Members of the crypto-zoological agency Monarch face off against a battery of god-sized monsters, including the mighty Godzilla, who collides with Mothra, Rodan, and his ultimate nemesis, the three-headed King Ghidorah. When these ancient super-species-thought to be mere myths-rise again, they all vie for supremacy, leaving humanity’s very existence hanging in the balance.

If you were one of the many people that complained that 2014’s Godzilla had a severe lack of action and the Godzilla character in general, then you’re certainly in for a treat in the form of Michael Dougherty’s Godzilla: King of the Monsters. Although the titular titan is not in the movie a whole lot, there are plenty of other gigantic creature fights to get excited about.

And while the action in this movie is admittedly quite fun and entertaining to watch, it all feels like dumb, mindless fun with absolutely nothing else to offer, which is quite a shame because the aforementioned 2014 film managed to tell a genuinely compelling and interesting story about both the humans and Godzilla, all while delivering the spectacular Kaiju action that fans of the franchise love to watch.

Sadly, King of the Monsters doesn’t have human characters that are fun or intriguing to watch. The movie also never makes an attempt at trying to flesh them out and instead, they all feel like one-note characters instead of well-developed people that feel real.

Millie Bobby Brown gives her all in the role of Madison Russell and it’s clear that she had an absolute blast in this role, and honestly, who wouldn’t have fun? Being in a Godzilla movie is nothing to sneeze at, and Brown knows it. She commits to the role and delivers a strong performance and the same thing can be said about Vera Farmiga as her mother Emma.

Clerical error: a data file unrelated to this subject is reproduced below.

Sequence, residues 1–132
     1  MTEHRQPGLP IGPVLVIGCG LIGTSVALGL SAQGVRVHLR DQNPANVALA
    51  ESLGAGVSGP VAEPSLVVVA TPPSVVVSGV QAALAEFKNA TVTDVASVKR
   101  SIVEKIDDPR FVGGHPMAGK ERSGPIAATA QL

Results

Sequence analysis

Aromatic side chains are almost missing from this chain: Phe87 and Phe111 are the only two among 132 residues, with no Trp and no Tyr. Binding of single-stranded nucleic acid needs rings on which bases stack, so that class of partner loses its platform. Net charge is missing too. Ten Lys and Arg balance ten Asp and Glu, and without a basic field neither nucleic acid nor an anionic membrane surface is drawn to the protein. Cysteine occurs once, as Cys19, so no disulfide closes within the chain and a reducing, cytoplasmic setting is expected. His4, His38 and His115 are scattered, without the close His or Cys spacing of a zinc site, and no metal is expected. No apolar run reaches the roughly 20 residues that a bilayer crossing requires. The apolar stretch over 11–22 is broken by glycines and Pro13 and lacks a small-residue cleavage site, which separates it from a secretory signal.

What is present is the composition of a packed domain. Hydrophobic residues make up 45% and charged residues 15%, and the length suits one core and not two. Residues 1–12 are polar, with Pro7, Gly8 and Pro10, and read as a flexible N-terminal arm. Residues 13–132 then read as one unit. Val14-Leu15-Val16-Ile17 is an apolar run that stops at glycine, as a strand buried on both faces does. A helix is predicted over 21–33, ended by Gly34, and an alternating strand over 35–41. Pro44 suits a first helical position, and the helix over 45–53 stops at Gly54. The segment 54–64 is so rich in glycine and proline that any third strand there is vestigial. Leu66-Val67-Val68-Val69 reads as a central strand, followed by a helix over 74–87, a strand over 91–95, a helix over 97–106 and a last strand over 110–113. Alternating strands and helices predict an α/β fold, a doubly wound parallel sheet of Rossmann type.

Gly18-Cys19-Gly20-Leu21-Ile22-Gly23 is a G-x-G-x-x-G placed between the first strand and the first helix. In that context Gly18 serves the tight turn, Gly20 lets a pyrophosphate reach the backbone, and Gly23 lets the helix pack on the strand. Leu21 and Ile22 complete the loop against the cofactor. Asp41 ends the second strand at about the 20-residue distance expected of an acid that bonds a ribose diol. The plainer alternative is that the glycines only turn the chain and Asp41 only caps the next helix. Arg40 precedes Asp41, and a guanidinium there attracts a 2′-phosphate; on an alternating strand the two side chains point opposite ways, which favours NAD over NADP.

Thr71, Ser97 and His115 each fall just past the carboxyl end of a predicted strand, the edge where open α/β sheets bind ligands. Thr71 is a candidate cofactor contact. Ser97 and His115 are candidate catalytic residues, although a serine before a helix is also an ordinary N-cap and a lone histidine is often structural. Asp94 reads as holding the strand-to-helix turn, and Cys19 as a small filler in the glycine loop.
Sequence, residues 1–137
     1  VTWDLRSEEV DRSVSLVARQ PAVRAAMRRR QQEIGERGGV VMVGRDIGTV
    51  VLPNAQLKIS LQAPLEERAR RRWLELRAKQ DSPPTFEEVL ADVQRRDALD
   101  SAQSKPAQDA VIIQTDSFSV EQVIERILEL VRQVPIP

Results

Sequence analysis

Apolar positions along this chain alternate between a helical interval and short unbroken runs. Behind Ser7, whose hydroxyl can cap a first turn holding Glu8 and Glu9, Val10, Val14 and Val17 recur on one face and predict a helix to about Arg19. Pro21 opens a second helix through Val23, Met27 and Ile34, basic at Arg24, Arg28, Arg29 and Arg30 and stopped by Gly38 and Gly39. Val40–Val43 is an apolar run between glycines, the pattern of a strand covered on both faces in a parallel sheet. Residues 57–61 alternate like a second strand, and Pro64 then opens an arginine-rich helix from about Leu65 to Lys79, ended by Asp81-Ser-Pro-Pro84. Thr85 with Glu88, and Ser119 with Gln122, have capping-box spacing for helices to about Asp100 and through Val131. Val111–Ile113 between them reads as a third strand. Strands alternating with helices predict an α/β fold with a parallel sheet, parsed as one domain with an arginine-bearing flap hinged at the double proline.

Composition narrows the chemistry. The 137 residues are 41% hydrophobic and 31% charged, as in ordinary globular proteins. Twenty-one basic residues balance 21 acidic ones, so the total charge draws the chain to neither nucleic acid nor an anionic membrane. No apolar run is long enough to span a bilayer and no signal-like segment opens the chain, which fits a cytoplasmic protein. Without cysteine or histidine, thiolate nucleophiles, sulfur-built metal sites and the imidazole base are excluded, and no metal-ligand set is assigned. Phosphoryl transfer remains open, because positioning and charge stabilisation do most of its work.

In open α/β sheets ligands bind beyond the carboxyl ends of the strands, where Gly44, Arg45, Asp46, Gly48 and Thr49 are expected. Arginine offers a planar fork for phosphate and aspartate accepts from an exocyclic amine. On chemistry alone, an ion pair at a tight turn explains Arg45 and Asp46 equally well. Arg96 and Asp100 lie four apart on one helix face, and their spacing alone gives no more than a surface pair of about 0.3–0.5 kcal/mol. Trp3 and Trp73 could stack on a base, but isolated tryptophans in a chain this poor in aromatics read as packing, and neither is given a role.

Courtesy of Warner Bros. Pictures

But as great as they are in the film, their characters feel disappointingly flat and dull. By the end of the movie, I honestly didn’t feel like I had a strong sense of who they were. Their characters didn’t really go on journeys that transformed them into new and different people. They feel like the same people at the end of the movie as they did in the beginning. Their character arcs are sadly nonexistent.

All of the focus this time around was seemingly put into making King of the Monsters absolutely jam-packed with action. There are tons of sequences where we see humongous creatures fighting in the sky and absolutely devastating entire cities and towns, nad for a lot of people, this will be exhilarating and, as a result, it will make it a good movie for them. And if you watch King of the Monsters and find yourself having a blast with it, that’s totally understandable.

I just found the whole thing to be incredibly goofy and over-the-top and not in a good way. There were so many moments where I should have been on the edge of my seat with my mouth agape because of how epic the fight scenes were, but instead, I was mostly underwhelmed. A couple of the fights actually do work and they are entertaining to watch (particularly the amazing end fight), but a lot of them feel tedious.

So while Godzilla: King of the Monsters is admittedly the most action-packed installment in the MonsterVerse thus far, that doesn’t mean it’s any good. Its story is practically non-existent and the characters are extremely poorly written. If you don’t care about the human characters and you just want to watch Godzilla and other monsters brawl it out for a little over two hours, you’re gonna have the time of your life.

Overall Grade: D+

MPAA Rating: PG-13 for sequences of monster action violence and destruction, and for some language

Cast: Kyle Chandler, Vera Farmiga, Millie Bobby Brown, Bradley Whitford, Sally Hawkins, Charles Dance, Thomas Middleditch, Aisha Hinds, O’Shea Jackson Jr., David Strathairn, Ken Watanabe

Directed by: Michael Dougherty

Distributed by: Warner Bros. Pictures

Release Date: May 31, 2019

Running Time: 132 minutes

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